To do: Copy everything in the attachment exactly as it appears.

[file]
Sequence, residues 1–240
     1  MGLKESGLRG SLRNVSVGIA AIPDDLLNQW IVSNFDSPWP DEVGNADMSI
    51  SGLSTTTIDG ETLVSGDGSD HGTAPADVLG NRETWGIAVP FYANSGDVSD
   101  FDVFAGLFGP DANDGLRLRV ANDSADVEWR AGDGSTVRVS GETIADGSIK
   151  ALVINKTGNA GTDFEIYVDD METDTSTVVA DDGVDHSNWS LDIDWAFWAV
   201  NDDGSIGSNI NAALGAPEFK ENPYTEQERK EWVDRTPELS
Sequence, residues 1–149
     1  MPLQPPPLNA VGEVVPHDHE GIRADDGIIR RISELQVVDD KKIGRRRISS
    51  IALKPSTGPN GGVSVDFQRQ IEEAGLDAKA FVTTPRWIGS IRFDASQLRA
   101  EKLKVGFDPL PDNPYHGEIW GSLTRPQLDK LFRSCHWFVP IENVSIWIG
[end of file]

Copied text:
Sequence, residues 1–240
     1  MGLKESGLRG SLRNVSVGIA AIPDDLLNQW IVSNFDSPWP DEVGNADMSI
    51  SGLSTTTIDG ETLVSGDGSD HGTAPADVLG NRETWGIAVP FYANSGDVSD
   101  FDVFAGLFGP DANDGLRLRV ANDSADVEWR AGDGSTVRVS GETIADGSIK
   151  ALVINKTGNA GTDFEIYVDD METDTSTVVA DDGVDHSNWS LDIDWAFWAV
   201  NDDGSIGSNI NAALGAPEFK ENPYTEQERK EWVDRTPELS
Sequence, residues 1–149
     1  MPLQPPPLNA VGEVVPHDHE GIRADDGIIR RISELQVVDD KKIGRRRISS
    51  IALKPSTGPN GGVSVDFQRQ IEEAGLDAKA FVTTPRWIGS IRFDASQLRA
   101  EKLKVGFDPL PDNPYHGEIW GSLTRPQLDK LFRSCHWFVP IENVSIWIG